Dataset : Mutex vs SpinLock vs RwLocks


We are using Suricata dataset intensively.
On our test system, we have 24 core performing dataset lookup operation in dpdk run-mode, and 1 writer performing update.

We have noted that, even when the writer is disabled, half of the datasetlookup time is spent on the pthread_mutex_lock/pthread_mutex_unlock.

I plan to test using spinlocks (#define HRLOCK_SPIN), but feels like switching to use rwlocks would be the most beneficial.

What would be your suggestion?


could you give us a bit more details? We’re also looking into some cases where datasets might have an impact on performance like that due to locks.

What version?

How does the suricata.yaml look like?

What type of datasets are you using exactly?

Do you have the option to do some tests?
One simple test would be to just run 1 dataset and observe it and afterwards add a second one in a new run. I’ve seen scenarios where the performance hit was already seen with 2 datasets.

Could you also run perf top -p $(pidof suricata) and share the output in those cases?

Our built is based off Suricata 7.0.3,

Yaml summary

dpdk ips
only http/dns/tls protocol enabled

memcap: 8192mb
hash-size: 65536
prealloc: 65536
emergency-recovery: 30

memcap: 32gb
checksum-validation: yes
inline: auto
midstream: true
async-oneside: true
memcap: 32gb
toserver-chunk-size: 2560
toclient-chunk-size: 2560
randomize-chunk-size: yes
set-cpu-affinity: yes
- management-cpu-set:
cpu: [ 1 ]
- receive-cpu-set:
cpu: [ 3 ]
- worker-cpu-set:
cpu: [0,2,4,6,8,10,12,14,16,18,20,22,24,26,28,30,32,34,36,38,40,42,44,46]
mode: “exclusive”
low: [ 0 ]
medium: [ “1-2” ]
high: [ 3 ]
default: “medium”
detect-thread-ratio: 1.0

For our current test,
We have 10 ipv4 datasets and 5 ipv6 datasets.
Totalling around ~400 000 entries, spread among these.
(and we need other string dataset, but they are disabled for the moment)

Yeah we have the option to perform test of different configs.
I have perf output already, see the attached flamegraph.

I guess my only suggestion is to try both and see how it works. If you do, please report your results here.

Could you do 3 different runs and compare the perf top results?

  1. Without any IP Dataset
  2. WIth just 1 IP Dataset
  3. With just 2 IP Datasets

I want to see if your results compare to mine where I saw a big increase in the overhead once the second IP dataset was active.

Here are some benchmark, my original question was mainly focused on the impact of using locks on the datasets query, Targeted testing were done on the dataset only within in a specialized unit test.

Mutex vs Spinlock: your milleage may vary depending on the access patterns, number of threads, but here are some stats for runs done on a one numa node (24 cores) of an old xeon processor.
It shows the number of query done per thread per second. Overall adding more threads ends up having more work done, but there is an impact on indivual thread performance as the number of thread increase. The numbers are very good for both Mutex and Spinlock, nothing justifiying change the code to spin locks.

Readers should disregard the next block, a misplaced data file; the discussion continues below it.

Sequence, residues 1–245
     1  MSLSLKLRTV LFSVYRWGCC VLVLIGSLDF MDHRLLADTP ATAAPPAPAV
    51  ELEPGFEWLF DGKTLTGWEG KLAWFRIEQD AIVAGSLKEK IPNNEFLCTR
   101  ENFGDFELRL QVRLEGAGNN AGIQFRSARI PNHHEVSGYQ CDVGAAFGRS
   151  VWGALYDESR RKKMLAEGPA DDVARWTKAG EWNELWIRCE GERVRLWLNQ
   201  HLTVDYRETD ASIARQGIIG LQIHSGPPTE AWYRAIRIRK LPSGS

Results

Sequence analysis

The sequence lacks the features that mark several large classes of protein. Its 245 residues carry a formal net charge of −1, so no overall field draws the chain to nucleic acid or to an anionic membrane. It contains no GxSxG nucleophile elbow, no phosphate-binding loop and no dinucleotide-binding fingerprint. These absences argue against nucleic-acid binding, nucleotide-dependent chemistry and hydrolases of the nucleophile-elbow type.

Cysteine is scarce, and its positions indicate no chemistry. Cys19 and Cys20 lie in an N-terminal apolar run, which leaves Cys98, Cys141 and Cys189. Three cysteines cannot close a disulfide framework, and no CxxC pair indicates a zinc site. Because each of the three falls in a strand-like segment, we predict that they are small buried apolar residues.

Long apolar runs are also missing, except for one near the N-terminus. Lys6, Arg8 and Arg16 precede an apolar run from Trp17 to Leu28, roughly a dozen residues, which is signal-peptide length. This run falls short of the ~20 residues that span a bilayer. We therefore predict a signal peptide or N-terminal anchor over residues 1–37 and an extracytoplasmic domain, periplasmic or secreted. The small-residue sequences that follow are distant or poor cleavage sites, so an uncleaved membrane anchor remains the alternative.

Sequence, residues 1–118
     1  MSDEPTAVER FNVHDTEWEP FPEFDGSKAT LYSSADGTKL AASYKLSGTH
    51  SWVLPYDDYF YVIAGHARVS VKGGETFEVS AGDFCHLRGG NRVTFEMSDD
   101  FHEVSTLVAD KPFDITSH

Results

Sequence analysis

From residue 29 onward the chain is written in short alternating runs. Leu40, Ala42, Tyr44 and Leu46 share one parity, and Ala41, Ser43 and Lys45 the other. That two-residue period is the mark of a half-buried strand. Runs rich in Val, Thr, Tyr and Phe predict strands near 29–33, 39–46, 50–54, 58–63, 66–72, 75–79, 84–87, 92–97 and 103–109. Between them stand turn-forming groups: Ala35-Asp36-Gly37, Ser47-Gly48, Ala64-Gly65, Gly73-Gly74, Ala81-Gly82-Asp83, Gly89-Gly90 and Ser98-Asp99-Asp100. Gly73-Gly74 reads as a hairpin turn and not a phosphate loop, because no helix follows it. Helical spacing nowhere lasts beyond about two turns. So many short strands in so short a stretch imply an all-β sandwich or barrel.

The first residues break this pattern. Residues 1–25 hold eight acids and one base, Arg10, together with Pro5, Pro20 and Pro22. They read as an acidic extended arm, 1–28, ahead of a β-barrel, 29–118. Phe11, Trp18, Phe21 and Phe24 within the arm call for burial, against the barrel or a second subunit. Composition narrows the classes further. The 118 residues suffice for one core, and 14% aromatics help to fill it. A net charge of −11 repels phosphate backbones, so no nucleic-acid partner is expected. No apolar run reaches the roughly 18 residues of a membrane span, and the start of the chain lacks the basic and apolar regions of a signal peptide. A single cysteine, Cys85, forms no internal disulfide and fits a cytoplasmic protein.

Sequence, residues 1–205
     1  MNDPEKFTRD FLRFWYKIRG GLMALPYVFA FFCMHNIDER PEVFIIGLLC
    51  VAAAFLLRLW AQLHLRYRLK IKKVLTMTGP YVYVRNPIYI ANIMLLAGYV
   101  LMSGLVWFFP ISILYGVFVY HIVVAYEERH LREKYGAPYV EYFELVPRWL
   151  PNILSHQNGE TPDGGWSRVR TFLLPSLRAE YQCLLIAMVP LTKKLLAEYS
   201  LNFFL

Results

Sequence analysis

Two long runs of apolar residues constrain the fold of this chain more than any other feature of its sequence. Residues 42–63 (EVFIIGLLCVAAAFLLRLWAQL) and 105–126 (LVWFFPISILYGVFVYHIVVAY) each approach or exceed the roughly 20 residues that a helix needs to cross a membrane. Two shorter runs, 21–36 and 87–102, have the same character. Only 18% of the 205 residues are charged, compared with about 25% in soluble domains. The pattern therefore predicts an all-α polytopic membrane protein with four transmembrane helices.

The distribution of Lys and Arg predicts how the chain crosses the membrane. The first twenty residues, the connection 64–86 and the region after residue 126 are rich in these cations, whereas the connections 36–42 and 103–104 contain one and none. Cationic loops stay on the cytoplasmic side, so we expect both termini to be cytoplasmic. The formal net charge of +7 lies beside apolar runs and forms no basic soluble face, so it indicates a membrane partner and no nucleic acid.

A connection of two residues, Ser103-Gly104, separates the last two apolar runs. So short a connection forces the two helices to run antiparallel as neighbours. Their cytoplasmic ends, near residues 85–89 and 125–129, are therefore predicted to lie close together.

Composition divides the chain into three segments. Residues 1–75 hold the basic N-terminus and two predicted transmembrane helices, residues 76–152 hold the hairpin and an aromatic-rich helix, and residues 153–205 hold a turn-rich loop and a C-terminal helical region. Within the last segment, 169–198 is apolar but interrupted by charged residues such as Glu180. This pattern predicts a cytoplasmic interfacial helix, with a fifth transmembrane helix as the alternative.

Query against 1 dataset contains 128 000k ipv4
X: number of threads
Y: Dataset Query per second per thread.
M_: mutex, S_: spinlock
#% : number of query that return true
20Write/sec: That test had 1 thread writing 20 updates per seconds to the dataset while other threads were querying.

Conclusion is that I won’t worry about the mutex lock for the moment. Performance overall are great and does not requires us to spend dev time on optimizing the datasets.

Here is another one, just using Mutex
with multiple combination of number of Threads, number of datasets, number of datasets queried on each loop.
This test focus only on the 0% dataset query return true.

Query against datasets containing 128 000k ipv4 each
X: Number of threads
Y: Number of query per second per thread.
#_DS: number of datasets
0%: percentage dataset query returning true
1_rr: search one of the dataset, alternate dataset between each loop
#_ss: searches # datasets one after the other on each loop
ex: 4_DS_0%_4_ss: 4 datasets configured, search one after the other on each loop.
ex: 2_DS_0%_1_rr: 2 Dataset configured, one dataset searched in alternance on each loop

I should be able to provide more numbers on a full run of suricata configured with multiple datasets with real traffic packets at some point in the near future.
Again, number are very good, I don’t have an explanation for the big drop, but It might be related to the cache size, number of element in the dataset. Even after the drop numbers are good.

Thanks for the detailed analysis.

On the cutoff after 12 threads: is the test cpu perhaps 12 core / 24 ht?

It’s a 48 cores on 2 sockets/numa
We are using numa 1 for this tests, so we bind the process to core 1,3,5,7,9,11…,23
But I will double check the tests…

Also the most interesting discovery those test provided us, it is not shown here, is that
on cpu intensive benchmark like those, a docker container will run 47% slower then native.
If we disable seccomp (syscall filtering for security), using host network and privileged mode, things get better and it runs at 32% slower then native. We are still looking for way to get that 32 % back, but will run natively until then.